Why Neither Ancient Creeds
Nor the Reformation Can
Produce a Living Faith Today
by John Shelby Spong
HarperOne, Toronto, ON.
$31.00 CAD. Feb. 2018. 319 pages.
Five hundred years after Martin Luther and his Ninety-Five Theses ushered in the Reformation, bestselling author and controversial bishop and teacher John Shelby Spong delivers twelve forward-thinking theses to spark a new reformation to reinvigorate Christianity and ensure its future.
At the beginning of the sixteenth century, Christianity was in crisis—a state of conflict that gave birth to the Reformation in 1517. Enduring for more than 200 years, Luther’s movement was then followed by a “revolutionary time of human knowledge.” Yet these advances in our thinking had little impact on Christians’ adherence to doctrine—which has led the faith to a critical point once again.
Bible scholar and Episcopal bishop John Shelby Spong contends that there is mounting pressure among Christians for a radically new kind of Christianity—a faith deeply connected to the human experience instead of outdated dogma. To keep Christianity vital, he urges modern Christians to update their faith in light of these advances in our knowledge, and to challenge the rigid and problematic Church teachings that emerged with the Reformation. There is a disconnect, he argues, between the language of traditional worship and the language of the twenty-first century. Bridging this divide requires us to rethink and reformulate our basic understanding of God.
With its revolutionary resistance to the authority of the Church in the sixteenth century, Spong sees in Luther’s movement a model for today’s discontented Christians. In fact, the questions they raise resonate with those contemplated by our ancestors. Does the idea of God still have meaning? Can we still follow historic creeds with integrity? Are not such claims as an infallible Pope or an inerrant Bible ridiculous in today’s world?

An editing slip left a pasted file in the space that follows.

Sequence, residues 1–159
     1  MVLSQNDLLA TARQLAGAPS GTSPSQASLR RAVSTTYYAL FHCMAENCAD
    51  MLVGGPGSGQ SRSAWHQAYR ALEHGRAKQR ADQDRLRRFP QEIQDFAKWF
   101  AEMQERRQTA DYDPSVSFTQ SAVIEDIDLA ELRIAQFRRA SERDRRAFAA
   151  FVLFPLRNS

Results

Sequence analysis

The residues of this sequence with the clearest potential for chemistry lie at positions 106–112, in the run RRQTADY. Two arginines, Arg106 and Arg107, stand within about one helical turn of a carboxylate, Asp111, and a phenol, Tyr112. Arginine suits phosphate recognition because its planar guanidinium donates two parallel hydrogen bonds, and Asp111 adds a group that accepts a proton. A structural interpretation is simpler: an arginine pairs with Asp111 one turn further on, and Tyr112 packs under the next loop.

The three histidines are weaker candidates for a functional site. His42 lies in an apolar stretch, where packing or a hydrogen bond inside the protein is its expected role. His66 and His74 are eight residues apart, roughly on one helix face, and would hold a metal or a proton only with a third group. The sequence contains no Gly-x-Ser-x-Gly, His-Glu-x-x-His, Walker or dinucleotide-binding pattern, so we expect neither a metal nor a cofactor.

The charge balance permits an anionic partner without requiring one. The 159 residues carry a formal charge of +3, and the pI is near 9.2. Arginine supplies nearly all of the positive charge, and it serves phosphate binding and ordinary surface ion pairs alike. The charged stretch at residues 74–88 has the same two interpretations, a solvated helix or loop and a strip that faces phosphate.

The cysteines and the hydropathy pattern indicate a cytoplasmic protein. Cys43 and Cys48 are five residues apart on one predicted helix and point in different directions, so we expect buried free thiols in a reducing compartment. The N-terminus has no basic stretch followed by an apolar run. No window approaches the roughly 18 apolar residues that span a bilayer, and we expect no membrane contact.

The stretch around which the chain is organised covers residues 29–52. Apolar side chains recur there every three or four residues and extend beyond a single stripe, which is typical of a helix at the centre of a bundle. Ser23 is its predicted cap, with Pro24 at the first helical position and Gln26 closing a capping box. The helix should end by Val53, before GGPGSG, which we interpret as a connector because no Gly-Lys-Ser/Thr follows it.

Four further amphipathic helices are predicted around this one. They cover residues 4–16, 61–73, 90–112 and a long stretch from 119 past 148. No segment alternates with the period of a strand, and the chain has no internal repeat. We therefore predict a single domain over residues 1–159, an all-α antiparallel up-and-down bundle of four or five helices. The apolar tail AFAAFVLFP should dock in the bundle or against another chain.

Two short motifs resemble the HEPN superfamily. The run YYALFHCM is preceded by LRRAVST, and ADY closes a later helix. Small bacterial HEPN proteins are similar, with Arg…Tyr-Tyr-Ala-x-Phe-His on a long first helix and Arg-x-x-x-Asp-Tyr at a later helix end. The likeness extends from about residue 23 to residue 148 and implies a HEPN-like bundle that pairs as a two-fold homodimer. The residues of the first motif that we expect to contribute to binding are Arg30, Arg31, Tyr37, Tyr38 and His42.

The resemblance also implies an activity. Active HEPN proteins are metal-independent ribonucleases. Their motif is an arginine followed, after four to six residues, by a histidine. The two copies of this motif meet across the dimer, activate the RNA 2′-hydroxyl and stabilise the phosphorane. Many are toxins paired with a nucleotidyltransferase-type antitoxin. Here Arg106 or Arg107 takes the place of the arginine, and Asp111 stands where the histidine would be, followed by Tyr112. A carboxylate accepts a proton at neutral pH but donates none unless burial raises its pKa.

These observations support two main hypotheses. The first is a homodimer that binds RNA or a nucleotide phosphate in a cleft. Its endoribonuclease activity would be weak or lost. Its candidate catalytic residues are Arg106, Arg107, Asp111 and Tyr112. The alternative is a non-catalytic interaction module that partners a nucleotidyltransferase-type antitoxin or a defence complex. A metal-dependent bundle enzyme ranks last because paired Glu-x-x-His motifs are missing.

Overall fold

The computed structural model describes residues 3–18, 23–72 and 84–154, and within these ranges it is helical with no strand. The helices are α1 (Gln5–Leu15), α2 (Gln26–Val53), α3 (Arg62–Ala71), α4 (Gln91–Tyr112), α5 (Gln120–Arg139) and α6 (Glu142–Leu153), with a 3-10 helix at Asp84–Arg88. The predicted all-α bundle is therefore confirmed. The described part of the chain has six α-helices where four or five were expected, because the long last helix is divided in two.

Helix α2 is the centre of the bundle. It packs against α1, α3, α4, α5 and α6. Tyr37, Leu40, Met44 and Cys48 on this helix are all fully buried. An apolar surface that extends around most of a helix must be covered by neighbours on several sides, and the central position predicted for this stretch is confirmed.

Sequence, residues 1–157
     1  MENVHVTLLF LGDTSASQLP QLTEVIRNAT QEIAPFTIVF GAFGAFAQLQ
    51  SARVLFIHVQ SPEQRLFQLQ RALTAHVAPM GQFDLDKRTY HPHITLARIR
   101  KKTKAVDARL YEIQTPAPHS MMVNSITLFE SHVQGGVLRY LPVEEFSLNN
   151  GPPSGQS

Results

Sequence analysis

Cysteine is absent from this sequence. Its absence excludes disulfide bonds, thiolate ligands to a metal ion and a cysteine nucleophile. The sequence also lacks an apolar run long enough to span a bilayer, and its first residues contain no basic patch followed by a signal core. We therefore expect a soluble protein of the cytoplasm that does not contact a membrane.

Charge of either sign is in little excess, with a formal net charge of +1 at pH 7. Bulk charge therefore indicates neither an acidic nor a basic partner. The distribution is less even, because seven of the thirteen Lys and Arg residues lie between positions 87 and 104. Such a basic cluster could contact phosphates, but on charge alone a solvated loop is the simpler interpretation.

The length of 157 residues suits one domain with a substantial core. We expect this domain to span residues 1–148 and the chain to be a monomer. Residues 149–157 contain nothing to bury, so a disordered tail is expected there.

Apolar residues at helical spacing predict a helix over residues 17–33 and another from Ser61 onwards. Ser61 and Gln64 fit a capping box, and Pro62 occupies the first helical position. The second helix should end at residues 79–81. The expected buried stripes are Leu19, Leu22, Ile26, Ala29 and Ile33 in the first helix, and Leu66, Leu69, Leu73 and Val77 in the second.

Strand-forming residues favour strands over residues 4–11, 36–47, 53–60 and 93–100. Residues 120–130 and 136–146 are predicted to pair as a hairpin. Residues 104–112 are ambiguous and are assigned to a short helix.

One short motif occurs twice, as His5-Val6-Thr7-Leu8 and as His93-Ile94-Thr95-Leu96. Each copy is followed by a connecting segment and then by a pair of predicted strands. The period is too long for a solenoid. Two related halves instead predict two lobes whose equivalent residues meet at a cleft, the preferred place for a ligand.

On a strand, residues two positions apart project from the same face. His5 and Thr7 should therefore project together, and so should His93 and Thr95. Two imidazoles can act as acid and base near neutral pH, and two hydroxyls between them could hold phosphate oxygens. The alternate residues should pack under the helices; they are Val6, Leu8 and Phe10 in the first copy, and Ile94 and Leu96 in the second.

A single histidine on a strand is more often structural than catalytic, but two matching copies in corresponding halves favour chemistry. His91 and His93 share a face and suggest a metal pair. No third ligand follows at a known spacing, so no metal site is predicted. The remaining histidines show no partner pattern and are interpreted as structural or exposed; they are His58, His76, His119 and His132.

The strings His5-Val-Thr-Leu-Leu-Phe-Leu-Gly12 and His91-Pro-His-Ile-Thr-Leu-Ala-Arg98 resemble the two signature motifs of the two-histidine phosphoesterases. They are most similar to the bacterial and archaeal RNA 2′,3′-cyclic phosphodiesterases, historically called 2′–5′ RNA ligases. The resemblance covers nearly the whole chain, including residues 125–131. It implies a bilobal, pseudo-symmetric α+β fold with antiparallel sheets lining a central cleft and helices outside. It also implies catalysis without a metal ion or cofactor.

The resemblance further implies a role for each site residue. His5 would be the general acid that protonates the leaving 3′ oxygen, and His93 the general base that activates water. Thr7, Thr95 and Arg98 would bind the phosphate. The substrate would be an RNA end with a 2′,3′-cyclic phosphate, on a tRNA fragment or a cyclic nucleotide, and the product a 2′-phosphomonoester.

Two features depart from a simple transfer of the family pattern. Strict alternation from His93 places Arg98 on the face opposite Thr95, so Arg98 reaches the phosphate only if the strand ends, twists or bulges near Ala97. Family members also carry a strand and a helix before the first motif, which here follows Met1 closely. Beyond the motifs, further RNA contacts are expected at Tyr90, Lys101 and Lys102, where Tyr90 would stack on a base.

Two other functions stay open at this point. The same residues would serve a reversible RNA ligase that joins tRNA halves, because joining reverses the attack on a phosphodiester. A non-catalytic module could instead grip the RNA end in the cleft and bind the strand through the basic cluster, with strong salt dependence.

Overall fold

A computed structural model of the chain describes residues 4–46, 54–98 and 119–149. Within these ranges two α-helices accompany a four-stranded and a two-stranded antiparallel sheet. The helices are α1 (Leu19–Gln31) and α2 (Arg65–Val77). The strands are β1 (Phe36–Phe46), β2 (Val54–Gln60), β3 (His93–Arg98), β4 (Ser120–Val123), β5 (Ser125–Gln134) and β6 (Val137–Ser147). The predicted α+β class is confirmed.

In Unbelievable, Spong outlines twelve “theses” to help today’s believers more deeply contemplate and reshape their faith. As an educator, clergyman, and writer who has devoted his life to his faith, Spong has enlightened Christians and challenged them to explore their beliefs in new and meaningful ways. In this, his final book, he continues that rigorous tradition, once again offering a revisionist approach that strengthens Christianity and secures its relevance for generations to come.
John Shelby Spong was the Episcopal Bishop of Newark, New Jersey for twenty-four years before his retirement in 2000. He is one of the leading spokespersons for liberal Christianity and has been featured on 60 Minutes, Good Morning America, FOX News Live, and Extra. This book is based on the William Belden Noble lectures Spong delivered at Harvard.
At 87 years of age, Spong has recently sustained health problems which have affected his capacity to write – https://tinyurl.com/yd2m25lm
Here is more extensive biography –
I have thus far written five “last books” but I think I can guarantee that this current volume will be my last.
This new book “Unbelievable: Why Neither Ancient Creeds Nor the Reformation Can Produce a Living Faith Today” is based on the experience of finding that the traditional words of religion have lost their believability; for me, it became a necessary piece of work to clear away things that had not been dealt with in previous books. It is a fitting culmination to a writing career that has extended for almost fifty years.